Objects and discoveries of Paul Schatz
The objects designed by Paul Schatz reveal the secrets of space through play and beauty.
With his invertible cube, the inventor and discoverer demonstrates the vastness and fascination of the unknown. The invertible cube became the basis of Paul Schatz's discovery and development of new geometric shapes and countless machines, inspired by the idea that the laws of motion and the possibility of inversion is present within every static shape.
Paul Schatz was born in Constance on Lake Constance on 22 December 1898. His early life was shaped by his comfortable, middle class background - his father was a town councillor and owner of a small engineering works. He was fascinated by the technological advances of the new century and especially aviation. When the First World War entered its second year in 1916, this gifted student was awarded the Count Zeppelin Prize, which was a scholarship for coming first in mathematics and science. At the age of seventeen, he was sent to the Western Front as a radio operator. After the war, he began to study mathematics and mechanical engineering at the Munich College of Technology. Shortly before graduating, he abandoned these subjects, in order to study astronomy. Disenchanted by the abstract and one-dimensional approach to science, which was prevalent at the time, he gave up his university studies in 1922 and began to study art at the Warmbrunn School of Wood Carving in the Giant Mountains.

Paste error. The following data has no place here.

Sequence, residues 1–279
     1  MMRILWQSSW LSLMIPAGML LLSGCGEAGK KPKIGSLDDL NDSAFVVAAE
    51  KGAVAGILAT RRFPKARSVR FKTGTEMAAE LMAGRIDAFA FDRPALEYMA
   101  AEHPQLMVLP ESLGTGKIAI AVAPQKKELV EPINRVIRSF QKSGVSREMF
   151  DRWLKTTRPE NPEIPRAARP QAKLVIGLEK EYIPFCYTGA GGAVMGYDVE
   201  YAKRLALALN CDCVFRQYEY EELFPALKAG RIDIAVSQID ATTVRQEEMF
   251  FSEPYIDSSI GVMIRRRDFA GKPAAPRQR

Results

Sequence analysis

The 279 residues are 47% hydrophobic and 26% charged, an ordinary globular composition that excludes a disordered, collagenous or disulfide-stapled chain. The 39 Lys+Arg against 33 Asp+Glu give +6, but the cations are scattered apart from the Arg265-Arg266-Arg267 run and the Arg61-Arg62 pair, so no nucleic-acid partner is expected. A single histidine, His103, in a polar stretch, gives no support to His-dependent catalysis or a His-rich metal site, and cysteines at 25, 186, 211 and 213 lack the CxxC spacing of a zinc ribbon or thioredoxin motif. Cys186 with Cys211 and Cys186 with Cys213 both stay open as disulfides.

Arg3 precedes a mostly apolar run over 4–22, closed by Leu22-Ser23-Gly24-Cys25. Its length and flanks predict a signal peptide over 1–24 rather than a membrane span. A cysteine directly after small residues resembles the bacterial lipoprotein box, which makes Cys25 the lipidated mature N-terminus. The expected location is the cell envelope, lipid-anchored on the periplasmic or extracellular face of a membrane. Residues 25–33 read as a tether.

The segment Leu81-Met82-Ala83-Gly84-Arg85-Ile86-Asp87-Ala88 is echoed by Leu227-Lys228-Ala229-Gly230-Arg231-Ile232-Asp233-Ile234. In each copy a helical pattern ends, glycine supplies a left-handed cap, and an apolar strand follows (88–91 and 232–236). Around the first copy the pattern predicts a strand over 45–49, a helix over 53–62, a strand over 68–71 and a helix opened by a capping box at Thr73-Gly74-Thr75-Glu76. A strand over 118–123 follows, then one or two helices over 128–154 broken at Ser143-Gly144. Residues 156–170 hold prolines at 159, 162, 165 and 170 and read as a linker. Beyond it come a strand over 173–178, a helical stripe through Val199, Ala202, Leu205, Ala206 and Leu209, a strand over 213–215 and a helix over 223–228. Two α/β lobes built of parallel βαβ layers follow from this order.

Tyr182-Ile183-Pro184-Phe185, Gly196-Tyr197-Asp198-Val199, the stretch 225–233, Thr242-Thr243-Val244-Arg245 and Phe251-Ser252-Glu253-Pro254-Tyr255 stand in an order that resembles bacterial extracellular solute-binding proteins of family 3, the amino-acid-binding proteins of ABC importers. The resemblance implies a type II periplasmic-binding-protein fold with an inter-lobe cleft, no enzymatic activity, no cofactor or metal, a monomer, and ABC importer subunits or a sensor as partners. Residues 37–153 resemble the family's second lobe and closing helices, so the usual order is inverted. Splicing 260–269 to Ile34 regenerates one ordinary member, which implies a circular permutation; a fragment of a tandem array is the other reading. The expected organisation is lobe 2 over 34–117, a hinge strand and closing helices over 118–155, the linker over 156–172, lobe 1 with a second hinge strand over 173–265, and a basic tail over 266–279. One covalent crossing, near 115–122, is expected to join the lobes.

Between 1924 - 1927, he worked as a sculptor in his own studio on Lake Constance. At the same time, he also began to study anthroposophy intensively, which increasingly led him to search for the origins of his own art. His quest focused on '...the desire to find a way of thinking, the clarity of which does not freeze art to death, and become a truly creative artist out of a clearly perceived reason that is not shrouded in darkness and beyond human control.'(Paul Schatz)
Based on the same theme, he published his book 'A Quest of Art Based on the Strength of Perception'. (Published by the author, Constance, 1927)
In 1927, he and his wife Emmy Schatz-Witt moved to Dornach (Switzerland), where the artist, inventor and technician lived and worked until his death on 7 March 1979.
Paul Schatz always saw his development of new technical designs as part of his own work as an artist, in the sense of the Greek word 'techne'. His lifelong goal was to create a new technology that was in harmony with mankind and nature."